The KMT Returns to Power

The KMT Returns to Power : Elections in Taiwan, 2008-2012

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In this book the author examines how the Nationalist Party (Kuomintang or KMT) returned to govern Taiwan after ruling for more than half a century but losing power in 2000 when the opposition Democratic Progressive Party's (DPP) Chen Shui-bian won the presidency and was reelected in 2004. Out of power and playing the role of opposition party the KMT won legislative and executive elections in 2008. It subsequently won mayoral elections in 2010 and elections again to the legislative and executive branches of government in 2012. The KMT returned to power by resolving internal differences between older and younger factions in the party, maintaining an alliance with friendly parties and preventing philosophical differences from mattering. It was helped by the debilitating corruption of the DPP's President Chen and good campaigning. In assessing these KMT election victories the author concludes that the KMT will probably remain the ruling party for some time.
Its reputation for good economic management, democratization, honesty and good leaders seen against the DPP's still damaged reputation due to Chen's corruption, internal disagreements, its perorocial base, its inability to deal with China and the United States inhibit it from being able to return to power.
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Product details

  • Hardback | 312 pages
  • 156 x 240 x 26mm | 539.77g
  • Lexington Books
  • Lanham, MD, United States
  • English
  • 0739174770
  • 9780739174777

About John F. Copper

John F. Copper is the Stanley J. Buckman Distinguished Professor of International Studies at Rhodes College in Memphis, Tennessee. He is the author of more than twenty-five books on China, Taiwan and Asian Affairs. Professor Copper's most recent books include Taiwan's Democracy on Trial: Political Change During the Chen Shui-bian Era and Beyond (2010), The A to Z of Taiwan (Republic of China) (2010), Taiwan: Nation-State or Province, fifth edition (2009), Playing with Fire: The Looming War with China over Taiwan (2006). In 1997, Dr. Copper was recipient of the International Communications Award.
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Review quote

Copper frequently and prolifically writes on Taiwan's elections. This volume describes elections in 2008, 2010, and 2012. Reports in chapters 2-4 are abbreviated versions of three monographs published by the University of Maryland series in contemporary Asian studies; because chapters treat the same background information, they are repetitive. In the 2008 presidential election, Kuomintang (KMT) candidate Ma Ying-jeou defeated the Democratic Progressive Party candidate, returning Taiwan's oldest party to power. In the 2010 metropolitan elections of mayors, city council members, and county magistrates, KMT candidates won three of five important mayoral positions. In Taiwan's 2012 presidential/vice presidential and legislative elections, President Ma was reelected, and the legislature remained under KMT control. Copper attributes KMT victories to problems in the opposition movement and to successes of the Nationalist Party in shepherding economic development and political reforms, finding that the KMT is likely "to be the ruling party for some time to come." Copper's casual and colloquial writing style makes the tome accessible to all readers. Summing Up: Recommended. All readership levels. CHOICE John Copper has produced an excellent book on the last three major elections in Taiwan in 2008, 2010, and 2012 which were won by the Kuomintang (KMT) following eight years of the presidency of Chen Shui-bian of the Democratic Progressive Party. The book provides a very detailed and insightful analysis of the candidates, issues, and major events for these three elections. Furthermore, it also makes a valuable contribution to the study of Taiwan politics by placing them in the context of the nation's development of democracy and elections and by using a variety of theories about elections to explain what happened in Taiwan. -- Cal Clark, Auburn University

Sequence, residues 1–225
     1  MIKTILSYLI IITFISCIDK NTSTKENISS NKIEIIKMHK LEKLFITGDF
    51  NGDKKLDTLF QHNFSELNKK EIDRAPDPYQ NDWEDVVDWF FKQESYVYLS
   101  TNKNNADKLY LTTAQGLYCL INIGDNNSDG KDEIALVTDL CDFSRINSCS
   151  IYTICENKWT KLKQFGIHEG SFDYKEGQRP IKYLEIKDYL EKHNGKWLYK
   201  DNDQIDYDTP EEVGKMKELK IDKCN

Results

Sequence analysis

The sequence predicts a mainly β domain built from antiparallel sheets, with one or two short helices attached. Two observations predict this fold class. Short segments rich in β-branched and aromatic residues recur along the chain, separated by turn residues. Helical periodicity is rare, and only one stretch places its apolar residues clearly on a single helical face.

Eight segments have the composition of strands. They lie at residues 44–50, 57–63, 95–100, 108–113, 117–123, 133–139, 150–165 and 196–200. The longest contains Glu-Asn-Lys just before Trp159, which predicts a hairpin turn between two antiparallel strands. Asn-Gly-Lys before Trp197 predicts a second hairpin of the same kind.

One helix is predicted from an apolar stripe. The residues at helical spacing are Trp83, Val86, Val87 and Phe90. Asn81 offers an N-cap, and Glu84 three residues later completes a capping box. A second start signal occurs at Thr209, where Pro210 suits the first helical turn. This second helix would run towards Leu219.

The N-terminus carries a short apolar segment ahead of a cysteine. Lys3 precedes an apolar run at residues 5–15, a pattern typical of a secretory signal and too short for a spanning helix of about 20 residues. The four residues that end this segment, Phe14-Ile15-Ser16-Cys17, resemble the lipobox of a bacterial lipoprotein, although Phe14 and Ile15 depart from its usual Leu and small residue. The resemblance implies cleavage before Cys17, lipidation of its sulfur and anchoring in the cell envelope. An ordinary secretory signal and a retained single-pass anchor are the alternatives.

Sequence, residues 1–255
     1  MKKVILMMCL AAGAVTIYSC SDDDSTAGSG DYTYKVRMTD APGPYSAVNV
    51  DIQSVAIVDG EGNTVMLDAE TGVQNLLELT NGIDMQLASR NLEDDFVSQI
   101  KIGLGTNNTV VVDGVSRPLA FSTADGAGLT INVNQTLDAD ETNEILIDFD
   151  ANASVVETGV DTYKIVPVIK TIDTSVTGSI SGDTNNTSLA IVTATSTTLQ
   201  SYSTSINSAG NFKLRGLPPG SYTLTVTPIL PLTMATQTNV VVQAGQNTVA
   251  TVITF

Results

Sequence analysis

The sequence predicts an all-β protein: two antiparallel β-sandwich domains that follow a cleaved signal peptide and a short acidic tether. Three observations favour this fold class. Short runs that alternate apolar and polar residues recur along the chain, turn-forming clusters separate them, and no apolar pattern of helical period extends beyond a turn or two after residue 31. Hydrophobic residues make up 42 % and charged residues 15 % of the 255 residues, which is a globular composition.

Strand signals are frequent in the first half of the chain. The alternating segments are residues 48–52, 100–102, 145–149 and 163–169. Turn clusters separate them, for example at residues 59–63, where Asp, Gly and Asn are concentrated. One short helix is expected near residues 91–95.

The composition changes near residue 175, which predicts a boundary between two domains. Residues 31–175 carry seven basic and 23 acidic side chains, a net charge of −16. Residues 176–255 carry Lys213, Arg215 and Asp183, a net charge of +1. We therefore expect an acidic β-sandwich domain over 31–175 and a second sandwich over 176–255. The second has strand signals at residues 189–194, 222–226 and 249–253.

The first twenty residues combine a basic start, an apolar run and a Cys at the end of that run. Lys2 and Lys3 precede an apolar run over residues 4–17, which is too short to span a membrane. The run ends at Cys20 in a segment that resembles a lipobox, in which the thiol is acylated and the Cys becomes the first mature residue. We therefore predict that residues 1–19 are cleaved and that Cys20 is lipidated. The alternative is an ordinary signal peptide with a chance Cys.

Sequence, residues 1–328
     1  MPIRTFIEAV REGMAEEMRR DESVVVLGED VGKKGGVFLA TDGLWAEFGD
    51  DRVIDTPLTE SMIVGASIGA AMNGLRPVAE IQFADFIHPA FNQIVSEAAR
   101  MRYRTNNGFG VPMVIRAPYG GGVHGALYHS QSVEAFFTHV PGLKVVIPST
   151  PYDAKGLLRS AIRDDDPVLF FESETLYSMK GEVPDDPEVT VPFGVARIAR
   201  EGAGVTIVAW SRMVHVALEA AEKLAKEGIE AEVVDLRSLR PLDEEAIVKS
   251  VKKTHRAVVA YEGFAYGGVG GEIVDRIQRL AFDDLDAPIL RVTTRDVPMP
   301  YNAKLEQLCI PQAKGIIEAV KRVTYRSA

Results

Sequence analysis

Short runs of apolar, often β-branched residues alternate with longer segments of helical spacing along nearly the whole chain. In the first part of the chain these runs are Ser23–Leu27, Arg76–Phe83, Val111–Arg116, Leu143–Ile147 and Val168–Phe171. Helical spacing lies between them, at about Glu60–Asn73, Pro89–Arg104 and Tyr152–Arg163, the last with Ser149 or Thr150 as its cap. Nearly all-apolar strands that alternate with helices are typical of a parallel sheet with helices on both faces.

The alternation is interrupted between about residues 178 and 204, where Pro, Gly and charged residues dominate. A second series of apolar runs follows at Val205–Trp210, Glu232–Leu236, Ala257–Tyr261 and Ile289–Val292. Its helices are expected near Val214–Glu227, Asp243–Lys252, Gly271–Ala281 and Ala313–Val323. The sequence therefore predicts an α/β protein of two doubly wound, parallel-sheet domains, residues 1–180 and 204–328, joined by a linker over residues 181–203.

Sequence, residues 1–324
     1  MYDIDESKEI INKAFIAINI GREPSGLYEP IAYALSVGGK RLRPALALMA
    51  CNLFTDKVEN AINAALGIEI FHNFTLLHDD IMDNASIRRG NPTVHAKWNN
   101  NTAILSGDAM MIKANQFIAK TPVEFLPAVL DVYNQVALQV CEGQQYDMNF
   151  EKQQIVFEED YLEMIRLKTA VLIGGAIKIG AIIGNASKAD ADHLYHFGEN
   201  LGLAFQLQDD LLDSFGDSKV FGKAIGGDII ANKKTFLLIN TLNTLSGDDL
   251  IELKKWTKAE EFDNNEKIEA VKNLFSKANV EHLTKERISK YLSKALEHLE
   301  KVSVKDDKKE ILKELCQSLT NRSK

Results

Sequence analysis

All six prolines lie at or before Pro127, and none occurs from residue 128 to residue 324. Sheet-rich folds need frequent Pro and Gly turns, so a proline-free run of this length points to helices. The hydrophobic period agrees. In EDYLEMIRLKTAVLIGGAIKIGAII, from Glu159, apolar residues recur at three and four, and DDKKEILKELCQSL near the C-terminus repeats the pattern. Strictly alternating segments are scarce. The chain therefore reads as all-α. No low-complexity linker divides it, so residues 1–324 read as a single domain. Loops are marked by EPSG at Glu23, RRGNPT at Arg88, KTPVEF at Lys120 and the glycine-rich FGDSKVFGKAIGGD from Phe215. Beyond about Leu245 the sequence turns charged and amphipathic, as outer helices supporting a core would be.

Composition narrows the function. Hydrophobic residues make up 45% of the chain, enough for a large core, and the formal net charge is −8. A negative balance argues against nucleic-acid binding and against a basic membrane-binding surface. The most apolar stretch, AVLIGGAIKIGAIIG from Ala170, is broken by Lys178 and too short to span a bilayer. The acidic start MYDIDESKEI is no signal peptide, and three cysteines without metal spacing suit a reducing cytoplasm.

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Table of contents

Preface Chapter 1: The Nationalist Party Returns to Power: How and Why? Chapter 2: Taiwan's 2008 Presidential and Vice Presidential Election Chapter 3: Taiwan's 2009 Metropolitan City Elections Chapter 4: Taiwan's 2012 Presidential, Vice Presidential and Parliamentary Elections Chapter 5: Conclusions
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